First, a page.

PHILADELPHIA (CBS/AP) — Philadelphia Police Commissioner Danielle Outlaw is applauding Minneapolis Police Chief Medaria Arradondo for his “swift and certain response” to the death of George Floyd, who died during a Monday arrest in which an officer kneeled on his neck for almost eight minutes.
In footage recorded by a bystander, Floyd can be heard pleading that he can’t breathe until he slowly stops talking and moving.
In a statement Thursday night, Outlaw said “communities of color are tired of reliving atrocities such as this over and over again. They are sick and tired of being sick and tired.”
In February, Outlaw became the first African-American woman to lead the Philadelphia Police Department
As a mother, Outlaw says her sons “relay to me that they fear for their lives because of the unjustified fear others have of them; solely due to their existence.”
Read Outlaw’s full statement below.
“Although the tragedy occurred hundreds of miles away from Philadelphia, the impact is felt all over the nation and world, particularly in black and brown communities. Throughout the nation, communities of color are tired of reliving atrocities such as this over and over again. They are sick and tired of being sick and tired.
As a member of the noble law enforcement profession, I know that those of us who work earnestly to serve all communities with fairness and sincerity, have grown weary of our efforts being stained by the actions of those who commit these inhumane acts. As a mother, I cannot relay enough the helplessness and sadness I feel when my sons, having been children of police officers their entire lives, relay to me that they fear for their lives because of the unjustified fear others have of them; solely due to their existence.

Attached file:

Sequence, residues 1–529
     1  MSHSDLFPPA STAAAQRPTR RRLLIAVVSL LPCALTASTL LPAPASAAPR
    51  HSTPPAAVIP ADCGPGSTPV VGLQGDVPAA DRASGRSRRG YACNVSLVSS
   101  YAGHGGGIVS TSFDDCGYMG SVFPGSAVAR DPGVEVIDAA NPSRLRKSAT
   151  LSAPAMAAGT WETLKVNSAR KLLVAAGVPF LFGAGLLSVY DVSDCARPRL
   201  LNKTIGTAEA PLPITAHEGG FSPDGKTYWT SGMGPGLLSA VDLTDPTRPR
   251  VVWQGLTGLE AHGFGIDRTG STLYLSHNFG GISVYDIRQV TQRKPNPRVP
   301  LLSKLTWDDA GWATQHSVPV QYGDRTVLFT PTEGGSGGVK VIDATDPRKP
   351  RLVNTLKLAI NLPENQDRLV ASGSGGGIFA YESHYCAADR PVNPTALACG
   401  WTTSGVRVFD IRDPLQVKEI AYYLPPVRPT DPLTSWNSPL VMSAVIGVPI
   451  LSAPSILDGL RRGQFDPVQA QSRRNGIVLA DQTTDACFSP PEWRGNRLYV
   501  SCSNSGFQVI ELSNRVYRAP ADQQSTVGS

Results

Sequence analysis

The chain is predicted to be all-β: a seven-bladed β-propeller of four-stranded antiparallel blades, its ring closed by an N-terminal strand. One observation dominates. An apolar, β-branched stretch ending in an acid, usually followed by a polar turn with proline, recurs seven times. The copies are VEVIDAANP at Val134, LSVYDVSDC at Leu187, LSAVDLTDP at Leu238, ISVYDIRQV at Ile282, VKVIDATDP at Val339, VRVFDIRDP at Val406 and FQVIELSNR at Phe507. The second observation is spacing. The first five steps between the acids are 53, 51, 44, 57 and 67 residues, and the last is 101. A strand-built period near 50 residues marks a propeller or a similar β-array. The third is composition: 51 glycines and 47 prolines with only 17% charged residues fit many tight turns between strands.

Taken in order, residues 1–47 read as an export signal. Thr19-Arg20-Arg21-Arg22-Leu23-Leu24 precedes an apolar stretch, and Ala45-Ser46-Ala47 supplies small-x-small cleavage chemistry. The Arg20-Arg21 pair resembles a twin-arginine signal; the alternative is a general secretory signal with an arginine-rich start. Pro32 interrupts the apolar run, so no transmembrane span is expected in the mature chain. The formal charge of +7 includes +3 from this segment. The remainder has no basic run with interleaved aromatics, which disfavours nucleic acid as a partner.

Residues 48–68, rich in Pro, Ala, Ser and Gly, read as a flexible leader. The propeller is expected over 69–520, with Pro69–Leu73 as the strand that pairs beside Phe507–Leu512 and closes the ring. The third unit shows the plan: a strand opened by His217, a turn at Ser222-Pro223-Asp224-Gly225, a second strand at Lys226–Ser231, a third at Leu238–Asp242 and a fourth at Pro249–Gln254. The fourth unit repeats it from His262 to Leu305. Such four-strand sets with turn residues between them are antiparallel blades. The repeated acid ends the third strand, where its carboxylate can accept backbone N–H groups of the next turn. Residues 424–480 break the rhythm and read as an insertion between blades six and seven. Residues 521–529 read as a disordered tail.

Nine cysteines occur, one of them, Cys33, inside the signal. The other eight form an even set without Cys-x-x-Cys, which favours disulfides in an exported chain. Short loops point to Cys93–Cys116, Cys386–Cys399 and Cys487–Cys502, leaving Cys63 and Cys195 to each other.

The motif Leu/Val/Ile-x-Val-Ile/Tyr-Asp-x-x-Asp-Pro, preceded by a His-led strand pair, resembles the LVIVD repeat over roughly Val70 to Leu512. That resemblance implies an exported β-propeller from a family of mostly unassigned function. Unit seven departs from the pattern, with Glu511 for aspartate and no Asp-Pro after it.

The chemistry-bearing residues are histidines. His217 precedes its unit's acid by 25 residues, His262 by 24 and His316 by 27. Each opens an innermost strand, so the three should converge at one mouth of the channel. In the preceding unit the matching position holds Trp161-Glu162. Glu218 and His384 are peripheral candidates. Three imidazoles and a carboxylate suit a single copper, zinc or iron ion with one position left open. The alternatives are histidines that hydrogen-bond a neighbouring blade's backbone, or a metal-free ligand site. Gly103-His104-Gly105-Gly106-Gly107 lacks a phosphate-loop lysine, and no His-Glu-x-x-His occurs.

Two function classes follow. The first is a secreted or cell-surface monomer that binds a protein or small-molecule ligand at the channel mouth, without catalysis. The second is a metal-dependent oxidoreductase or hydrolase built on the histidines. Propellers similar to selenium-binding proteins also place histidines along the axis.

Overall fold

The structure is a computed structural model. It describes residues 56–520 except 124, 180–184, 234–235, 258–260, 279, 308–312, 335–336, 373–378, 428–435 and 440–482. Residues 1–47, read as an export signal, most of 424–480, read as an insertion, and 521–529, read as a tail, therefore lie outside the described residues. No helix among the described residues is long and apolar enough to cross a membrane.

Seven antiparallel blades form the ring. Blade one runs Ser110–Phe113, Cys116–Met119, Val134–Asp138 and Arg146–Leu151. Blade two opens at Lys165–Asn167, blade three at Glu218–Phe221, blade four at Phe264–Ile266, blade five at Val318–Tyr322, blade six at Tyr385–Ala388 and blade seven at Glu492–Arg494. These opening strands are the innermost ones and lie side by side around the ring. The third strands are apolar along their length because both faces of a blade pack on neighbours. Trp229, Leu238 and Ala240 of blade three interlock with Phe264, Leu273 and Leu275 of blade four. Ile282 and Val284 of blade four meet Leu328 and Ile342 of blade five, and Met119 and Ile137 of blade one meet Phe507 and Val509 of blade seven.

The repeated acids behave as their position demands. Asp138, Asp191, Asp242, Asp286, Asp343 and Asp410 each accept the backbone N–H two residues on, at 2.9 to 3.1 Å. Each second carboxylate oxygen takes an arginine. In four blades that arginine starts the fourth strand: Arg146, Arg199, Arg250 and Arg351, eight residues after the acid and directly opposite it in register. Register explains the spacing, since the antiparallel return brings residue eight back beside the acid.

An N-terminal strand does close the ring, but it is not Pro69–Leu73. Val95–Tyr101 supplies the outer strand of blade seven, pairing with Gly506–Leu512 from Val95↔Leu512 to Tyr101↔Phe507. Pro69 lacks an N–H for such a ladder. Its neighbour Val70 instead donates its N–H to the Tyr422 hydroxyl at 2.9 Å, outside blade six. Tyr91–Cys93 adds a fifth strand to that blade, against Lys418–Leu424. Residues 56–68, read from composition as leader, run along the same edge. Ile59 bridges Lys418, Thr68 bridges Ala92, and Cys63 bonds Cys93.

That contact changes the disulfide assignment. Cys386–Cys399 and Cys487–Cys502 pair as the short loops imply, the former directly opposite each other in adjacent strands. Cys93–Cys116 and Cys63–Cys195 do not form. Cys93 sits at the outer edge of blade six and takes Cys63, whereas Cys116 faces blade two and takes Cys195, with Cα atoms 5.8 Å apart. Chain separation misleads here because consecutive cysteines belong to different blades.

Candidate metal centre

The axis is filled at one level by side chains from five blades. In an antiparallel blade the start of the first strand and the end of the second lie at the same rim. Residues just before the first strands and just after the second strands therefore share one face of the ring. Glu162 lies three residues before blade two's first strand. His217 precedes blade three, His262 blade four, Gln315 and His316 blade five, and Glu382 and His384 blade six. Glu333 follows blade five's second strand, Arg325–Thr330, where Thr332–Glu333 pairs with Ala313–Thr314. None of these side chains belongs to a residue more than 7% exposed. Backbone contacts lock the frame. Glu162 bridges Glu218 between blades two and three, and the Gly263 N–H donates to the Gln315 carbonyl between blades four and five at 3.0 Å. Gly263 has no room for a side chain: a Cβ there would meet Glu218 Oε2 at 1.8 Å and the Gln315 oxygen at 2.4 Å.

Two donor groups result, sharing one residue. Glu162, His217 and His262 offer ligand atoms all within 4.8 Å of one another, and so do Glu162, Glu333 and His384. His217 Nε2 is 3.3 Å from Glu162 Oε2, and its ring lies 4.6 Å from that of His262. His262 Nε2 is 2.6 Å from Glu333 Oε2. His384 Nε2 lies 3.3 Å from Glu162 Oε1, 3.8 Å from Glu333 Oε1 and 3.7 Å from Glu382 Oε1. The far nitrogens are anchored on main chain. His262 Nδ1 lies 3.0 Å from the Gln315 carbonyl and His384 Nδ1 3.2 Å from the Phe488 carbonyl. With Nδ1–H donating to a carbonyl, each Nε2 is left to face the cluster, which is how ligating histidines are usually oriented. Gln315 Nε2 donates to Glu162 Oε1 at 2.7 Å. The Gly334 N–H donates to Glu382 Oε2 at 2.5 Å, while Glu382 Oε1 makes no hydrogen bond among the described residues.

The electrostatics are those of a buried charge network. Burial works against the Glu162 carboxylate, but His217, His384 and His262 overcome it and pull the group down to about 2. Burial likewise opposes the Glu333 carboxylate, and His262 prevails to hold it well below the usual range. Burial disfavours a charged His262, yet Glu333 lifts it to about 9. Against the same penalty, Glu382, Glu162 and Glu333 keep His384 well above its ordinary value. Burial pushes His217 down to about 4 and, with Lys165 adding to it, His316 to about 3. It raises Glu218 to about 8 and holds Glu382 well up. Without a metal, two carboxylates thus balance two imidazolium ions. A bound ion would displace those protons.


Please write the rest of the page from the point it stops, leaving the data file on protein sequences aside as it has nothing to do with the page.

I applaud Chief Medaria Arradondo for his swift and certain response to this tragedy. He has sent a clear message that this type of conduct, including by those who turn a blind eye, will not be tolerated in his ranks. I share Chief Arradondo’s sentiments, and will continue to work with all of our partner stakeholders to ensure that we are policing with fairness, transparency, and dignity for all communities.”
Floyd, 46, was arrested Monday after an employee at a grocery store called police to accuse him of trying to pass a counterfeit $20 bill. The cellphone video shows Floyd, who is black, face-down on the ground with his hands cuffed behind his back, as officer Derek Chauvin, who is white, uses the knee restraint on his neck.
Floyd’s head is turned to the side and he does not appear to be resisting. As the minutes tick by and Chauvin continues to hold him down, Floyd’s complaints about not being able to breathe stop as he falls silent and motionless. Toward the end of the video, paramedics arrive, lift a limp Floyd onto a stretcher and place him in an ambulance.
“He wasn’t actively resisting, and he was saying he couldn’t breathe,” said Charles P. Stephenson, a former police officer and FBI agent with expertise in use-of-force tactics. “You have to understand that possibility is there (that Floyd couldn’t breathe), and you release any kind of restriction you might have on an airway immediately.”
Chauvin and the three other responding officers have been fired, and the FBI is investigating whether they willfully deprived Floyd of his civil rights. Chauvin has not spoken publicly, and his attorney has not responded to calls seeking comment.
Minnesota Gov. Tim Walz called in the National Guard on Thursday as looting broke out in St. Paul and a wounded Minneapolis braced for more violence after rioting reduced parts of one neighborhood to a smoking shambles.
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